“It’s one thing to say, ‘I know the program works, I know what we need to do to help youth,’” Brown said. “It’s entirely different to have a group of professionals study the ins and outs of the program and make clear whether it’s beneficial.”
Over 13 weeks, JAC Program participants engage in group and individual therapy, mentoring, employment services,
educational support and cultural activities. In collaboration with Brown, McGinnis and Hollie, the class dug deep into the program, hypothesizing how programmatic elements work together to succeed. The class reviewed literature that illustrated how providing youth with mental and physical support that fosters opportunities to grow and change can reduce violence recidivism rates.
The JAC Program was ripe for evaluation because of its recent formation, a need to attract sustained funding and a goal of launching the program in other communities.
“A lot of our programs are based on someone like Aaron and his lived experiences and his natural connection to kids,” McGinnis said. “We can’t put that in a job description and say, ‘You have to be Aaron if you want to work here.’ If we’re going to replicate this, we need to be able to define [what it is that works].”
Class discussions about program theory and student-led literature reviews highlighted possible key drivers of program success, including the need for passionate staff with genuine love for youth participants. Peer-to-peer engagement and teaching may create outsized benefits, which led Brown, McGinnis and Hollie to think about how to better incorporate participant and alumni leadership in the program. Finally, class conversations about family engagement led Lawrence Hall to apply for grant funding to include family members in cultural immersion activities.
“I think our students saw what could be accomplished when there is constant communication and sharing of power, validation and decision-making between ‘traditional public health’ and community partners,” Velonis said. “As teachers, we have the potential to have this ripple effect of learning.”
Building stronger academic-community ties Heading link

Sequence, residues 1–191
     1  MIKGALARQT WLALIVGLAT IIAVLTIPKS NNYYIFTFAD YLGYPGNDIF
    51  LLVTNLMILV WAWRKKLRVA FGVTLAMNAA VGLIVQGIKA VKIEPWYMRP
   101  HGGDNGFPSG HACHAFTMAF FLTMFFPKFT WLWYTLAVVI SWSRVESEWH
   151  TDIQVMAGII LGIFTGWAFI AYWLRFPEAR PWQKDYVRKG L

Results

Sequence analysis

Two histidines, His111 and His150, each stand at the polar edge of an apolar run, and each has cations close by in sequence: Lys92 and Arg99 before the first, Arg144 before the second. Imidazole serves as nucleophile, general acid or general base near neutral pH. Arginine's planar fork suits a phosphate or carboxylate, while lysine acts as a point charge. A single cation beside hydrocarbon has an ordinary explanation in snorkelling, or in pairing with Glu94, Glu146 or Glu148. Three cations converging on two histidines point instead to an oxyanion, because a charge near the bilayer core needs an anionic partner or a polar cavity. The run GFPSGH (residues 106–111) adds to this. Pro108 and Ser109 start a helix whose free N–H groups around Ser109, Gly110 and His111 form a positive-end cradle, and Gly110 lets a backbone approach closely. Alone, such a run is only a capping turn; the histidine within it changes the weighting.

Velonis’ class was one of 14 initial MacArthur-funded community-aligned courses, with another seven under way this fall totaling 44 current community collaborators. Beyond these courses, the community-engaged teaching team also facilitates guest lecturers from SPH’s Health Justice Speakers Bureau to bring further community perspectives to classroom.
Programmatic support for the grant has been led by Hebert-Beirne and Acosta; Marjorie Kersten, PhD student with a concentration in community health sciences; Kiela Moreno, MPH student with a concentration in maternal and child health; and Cynthia Medina, MPH student with a concentration in community health sciences. Through the MacArthur funding, faculty and community collaborators receive compensation for their time and access to community-engaged teaching support. Generally, faculty are not compensated for course design, which is problematic given the time- intensive nature of a true partner- designed, community-aligned course.
“We need to position this as continued relationship building with our community partners,” Hebert-Beirne said. “We met these extraordinary people with whom we built a robust learningenvironment. The lessons learned arehow powerful this can be, but also how hard it is to go that extra mile without the support and compensation provided by the MacArthur grant.”
As Lawrence Hall initiates an evaluation of the JAC Program, Brown envisions a future in which the program is operating in major cities across the country impacted by gang violence. A robust program evaluation designed in collaboration with academia could allow for that replication. For now, the focus is on growing the South Shore presence to impact as many youths as possible with programming, employment pathways and alternative ways of thinking.
“Whether it’s in public health or social work or criminal justice, we may all have different paths to get through a problem or a challenge,” Hollie said. “But we’re all here to make a difference and impact the system.”